This is how a decoupling mat for floor coverings works

This is how a decoupling mat for floor coverings works: floor

Floor coverings such as tiles or natural stones are usually on a screed, often this is a cement screed, with which they are firmly glued.

However, this is not advisable on any surface: Whenever the subfloor has tensions, can shift, oscillates or has other movements, the upper deck and the ground should be decoupled.

Uncoupling means: Underground and topping have no fixed connection with each other, but are separated by a decoupling element, which is usually used in the form of a laying-friendly decoupling mat.

Below you will find everything about decoupling systems.

The advantage is obvious: Tensions, vibrations, displacements and component movements are completely or partially absorbed by the decoupling mat and not passed on to the top surface.

This allows tiles, for example, on swinging wooden floorboards misplaced or placed on surfaces where they would otherwise adhere poorly because of old paint or adhesive layers.

Also, movements by drying a young screed or by temperature changes on underfloor heating or balconies absorbs a decoupling mat.

This is how a decoupling mat for floor coverings works: floor

For underfloor heating mats are used, which decouple at the same time and absorb the heating coils.

Decoupling systems: diversity and impact

The systems offered on the market are quite numerous. For example, mats made of plastic or hard foam are used as well as textile fibers.

Each material brings with it its special advantages and properties. Thicker textile products for example, can reduce the impact sound produced when walking on the ground - in part, the manufacturers promise an attenuation of up to 16 dB.

This is how a decoupling mat for floor coverings works: floor

Rigid decoupling elements based on rigid foam allow, for example, the installation of a floor-level shower on beamed ceilings.

The different decoupling mats are usually built up in several layers. in the flexible core The mat absorbs the tension and movements, whereby different materials, which are stacked on top of each other, can be responsible for different loads.

The outer surfaces of the mats are then bonded to the substrate at the bottom and to the top surface using adhesive mortar - tile adhesives are often used for this purpose.

Process decoupling mats

Since, as mentioned, the decoupling systems can be constructed very differently, they are also processed quite differently - sometimes bonded over the entire surface, sometimes loosely laid on the substrate.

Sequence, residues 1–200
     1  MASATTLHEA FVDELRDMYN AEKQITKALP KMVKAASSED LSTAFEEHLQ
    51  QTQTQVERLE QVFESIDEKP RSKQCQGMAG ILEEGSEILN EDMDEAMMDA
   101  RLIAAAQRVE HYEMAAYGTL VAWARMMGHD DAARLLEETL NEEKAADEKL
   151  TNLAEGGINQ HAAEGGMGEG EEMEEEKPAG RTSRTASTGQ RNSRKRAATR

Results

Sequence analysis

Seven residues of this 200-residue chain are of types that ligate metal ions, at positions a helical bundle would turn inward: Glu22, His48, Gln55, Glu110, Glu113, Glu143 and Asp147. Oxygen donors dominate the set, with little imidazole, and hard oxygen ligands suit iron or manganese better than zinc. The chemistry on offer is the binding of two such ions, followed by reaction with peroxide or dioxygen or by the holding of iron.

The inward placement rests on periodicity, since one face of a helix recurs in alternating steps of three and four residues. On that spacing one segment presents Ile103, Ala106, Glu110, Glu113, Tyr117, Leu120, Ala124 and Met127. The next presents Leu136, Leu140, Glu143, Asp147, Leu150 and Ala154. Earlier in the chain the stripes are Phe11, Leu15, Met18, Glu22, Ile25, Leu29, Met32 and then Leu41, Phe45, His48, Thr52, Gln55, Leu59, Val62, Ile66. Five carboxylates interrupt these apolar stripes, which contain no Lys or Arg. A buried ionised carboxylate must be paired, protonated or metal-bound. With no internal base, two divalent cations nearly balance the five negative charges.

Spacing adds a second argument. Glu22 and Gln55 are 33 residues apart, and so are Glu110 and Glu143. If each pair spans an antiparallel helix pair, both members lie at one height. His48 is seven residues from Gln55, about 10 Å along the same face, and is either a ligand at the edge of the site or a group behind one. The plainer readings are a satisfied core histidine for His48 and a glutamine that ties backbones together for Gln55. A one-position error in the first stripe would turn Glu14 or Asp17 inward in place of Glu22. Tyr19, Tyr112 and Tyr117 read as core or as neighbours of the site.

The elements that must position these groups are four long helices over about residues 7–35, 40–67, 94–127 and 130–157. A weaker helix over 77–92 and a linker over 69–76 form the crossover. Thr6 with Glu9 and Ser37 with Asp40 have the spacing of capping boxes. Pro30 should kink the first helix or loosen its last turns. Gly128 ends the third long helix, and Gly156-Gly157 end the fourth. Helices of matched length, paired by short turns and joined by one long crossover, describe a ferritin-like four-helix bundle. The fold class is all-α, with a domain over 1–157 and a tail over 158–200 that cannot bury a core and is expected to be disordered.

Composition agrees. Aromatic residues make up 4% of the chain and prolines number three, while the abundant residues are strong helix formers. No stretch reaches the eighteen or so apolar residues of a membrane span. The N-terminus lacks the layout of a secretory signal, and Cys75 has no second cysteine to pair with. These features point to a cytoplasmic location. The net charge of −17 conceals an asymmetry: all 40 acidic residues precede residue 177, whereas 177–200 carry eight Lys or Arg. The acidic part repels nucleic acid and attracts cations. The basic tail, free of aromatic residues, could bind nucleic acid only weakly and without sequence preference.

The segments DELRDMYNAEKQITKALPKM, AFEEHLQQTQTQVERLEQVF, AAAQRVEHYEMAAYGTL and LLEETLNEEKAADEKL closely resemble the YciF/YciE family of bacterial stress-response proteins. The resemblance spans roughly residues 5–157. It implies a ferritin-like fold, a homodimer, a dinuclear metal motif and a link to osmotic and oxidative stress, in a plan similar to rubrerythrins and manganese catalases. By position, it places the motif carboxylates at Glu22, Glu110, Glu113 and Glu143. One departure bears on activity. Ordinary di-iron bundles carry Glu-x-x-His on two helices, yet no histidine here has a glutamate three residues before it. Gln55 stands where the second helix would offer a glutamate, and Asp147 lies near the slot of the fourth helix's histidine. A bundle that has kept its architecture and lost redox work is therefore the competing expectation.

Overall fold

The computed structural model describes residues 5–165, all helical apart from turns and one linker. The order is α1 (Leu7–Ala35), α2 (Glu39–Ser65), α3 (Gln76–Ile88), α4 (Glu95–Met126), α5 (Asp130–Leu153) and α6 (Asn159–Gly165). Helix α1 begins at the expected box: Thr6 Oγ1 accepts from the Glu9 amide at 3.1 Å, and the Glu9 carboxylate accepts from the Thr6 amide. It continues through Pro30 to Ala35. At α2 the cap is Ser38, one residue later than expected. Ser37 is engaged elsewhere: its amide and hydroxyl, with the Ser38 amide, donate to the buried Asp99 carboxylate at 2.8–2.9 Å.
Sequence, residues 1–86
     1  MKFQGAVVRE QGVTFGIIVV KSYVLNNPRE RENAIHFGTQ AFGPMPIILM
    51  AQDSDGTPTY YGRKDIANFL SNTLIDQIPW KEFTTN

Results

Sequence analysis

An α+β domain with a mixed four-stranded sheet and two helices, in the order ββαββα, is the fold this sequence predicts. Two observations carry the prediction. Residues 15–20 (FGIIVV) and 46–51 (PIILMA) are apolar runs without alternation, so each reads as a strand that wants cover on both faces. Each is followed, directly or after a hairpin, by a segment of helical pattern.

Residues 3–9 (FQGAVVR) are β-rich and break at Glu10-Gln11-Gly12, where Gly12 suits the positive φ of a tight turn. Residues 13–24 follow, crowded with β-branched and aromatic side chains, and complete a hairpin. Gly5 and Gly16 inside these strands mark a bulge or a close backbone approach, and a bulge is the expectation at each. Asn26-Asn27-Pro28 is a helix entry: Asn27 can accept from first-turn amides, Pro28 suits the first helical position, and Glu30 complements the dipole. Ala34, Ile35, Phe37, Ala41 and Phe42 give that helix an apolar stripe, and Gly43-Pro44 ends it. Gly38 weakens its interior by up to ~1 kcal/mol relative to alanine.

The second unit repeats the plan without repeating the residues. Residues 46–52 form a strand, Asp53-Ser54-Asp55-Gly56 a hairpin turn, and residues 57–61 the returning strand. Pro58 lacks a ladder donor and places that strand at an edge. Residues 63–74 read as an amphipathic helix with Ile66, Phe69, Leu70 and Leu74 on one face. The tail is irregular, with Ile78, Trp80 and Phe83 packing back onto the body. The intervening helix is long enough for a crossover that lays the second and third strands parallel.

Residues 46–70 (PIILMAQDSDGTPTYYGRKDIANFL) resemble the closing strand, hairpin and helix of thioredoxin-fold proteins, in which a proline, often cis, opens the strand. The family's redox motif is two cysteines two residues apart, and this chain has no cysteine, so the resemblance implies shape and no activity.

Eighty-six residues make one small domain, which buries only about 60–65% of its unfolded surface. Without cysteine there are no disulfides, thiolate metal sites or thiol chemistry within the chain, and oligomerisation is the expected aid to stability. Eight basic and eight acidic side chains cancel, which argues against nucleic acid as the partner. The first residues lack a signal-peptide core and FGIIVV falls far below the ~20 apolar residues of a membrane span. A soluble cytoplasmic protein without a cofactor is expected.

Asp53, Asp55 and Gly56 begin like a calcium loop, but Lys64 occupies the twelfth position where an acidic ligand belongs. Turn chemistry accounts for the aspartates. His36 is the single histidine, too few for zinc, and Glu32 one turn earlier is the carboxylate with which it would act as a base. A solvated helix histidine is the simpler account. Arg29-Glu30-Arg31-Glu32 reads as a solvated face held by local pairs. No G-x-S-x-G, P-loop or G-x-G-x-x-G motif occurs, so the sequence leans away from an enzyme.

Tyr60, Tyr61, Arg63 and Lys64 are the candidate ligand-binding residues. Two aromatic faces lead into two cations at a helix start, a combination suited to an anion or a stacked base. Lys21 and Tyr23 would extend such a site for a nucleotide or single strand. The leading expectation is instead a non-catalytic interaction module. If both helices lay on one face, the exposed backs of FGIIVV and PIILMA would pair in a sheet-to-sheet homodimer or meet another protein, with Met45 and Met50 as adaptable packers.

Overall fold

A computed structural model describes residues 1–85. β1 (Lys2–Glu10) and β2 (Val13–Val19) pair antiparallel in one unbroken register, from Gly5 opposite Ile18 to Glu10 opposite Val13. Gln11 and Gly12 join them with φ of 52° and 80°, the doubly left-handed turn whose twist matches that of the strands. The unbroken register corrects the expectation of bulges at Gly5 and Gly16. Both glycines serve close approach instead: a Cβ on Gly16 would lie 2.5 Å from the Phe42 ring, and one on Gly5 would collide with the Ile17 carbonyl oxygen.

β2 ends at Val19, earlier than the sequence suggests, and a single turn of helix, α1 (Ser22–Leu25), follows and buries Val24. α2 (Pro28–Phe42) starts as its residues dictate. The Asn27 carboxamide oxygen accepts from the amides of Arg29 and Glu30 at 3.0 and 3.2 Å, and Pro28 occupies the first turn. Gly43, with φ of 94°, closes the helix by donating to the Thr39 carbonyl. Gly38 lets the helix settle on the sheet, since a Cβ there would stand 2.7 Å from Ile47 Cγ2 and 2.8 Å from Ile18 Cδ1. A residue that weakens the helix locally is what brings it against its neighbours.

This is how a decoupling mat for floor coverings works: this

When processing on the outside - for example on a balcony - the application of glue free of cavities is particularly important.

If you look at this during processing strictly follows the recommendations of the respective manufacturer, you get the best result.

A commonly used processing method is that first the decoupling mat is glued over its entire surface with tile adhesive on the substrate.

For this you should definitely use a high-quality, highly flexible adhesive mortar - after all, this is critical substrates.

Pay attention to cement mortars on the Marking with the abbreviation C2 or on the label "Flexible mortar", on dispersion mortars the abbreviation D2.

The mat is then designed and pressed or rolled according to manufacturer's instructions. Then you lay the tiles or flagstones on the mat - again with highly flexible glue.

It makes sense to use one for the joints highly plastic-coated grout.

Limits of decoupling

Decoupling mats can absorb quite large forces and vibrations, but not arbitrarily large ones. If, for example, the beam distances are too great for a wooden beam ceiling or if the ground consists of material that is not sufficiently rigid, the decoupling can reach its limits. Parts of the loads then penetrate to the topsoil and can lead to damage such as tile breaks or joint cracks.

To get the best possible result, here are some Tips for reducing the risk:

  1. Small tile formats are less susceptible to breaking load than large ones.
  2. An additional layer of laying boards (depending on the situation chipboard, OSB boards, gypsum boards or cement boards), the substrate can be made more rigid.
  3. Skirting boards made of tile strips are not set "crunchy" on the lower decking without gaps, but leave a gap of about 5 mm width.
  4. This joint, like the other connecting and expansion joints, is finally injected with neutral-crosslinking silicone.
  5. Outside on balconies or terraces one moves as free of void as possible. Here, the buttering-floating process can be helpful in which one applies the adhesive mortar to the substrate and in addition to the back of the tile.

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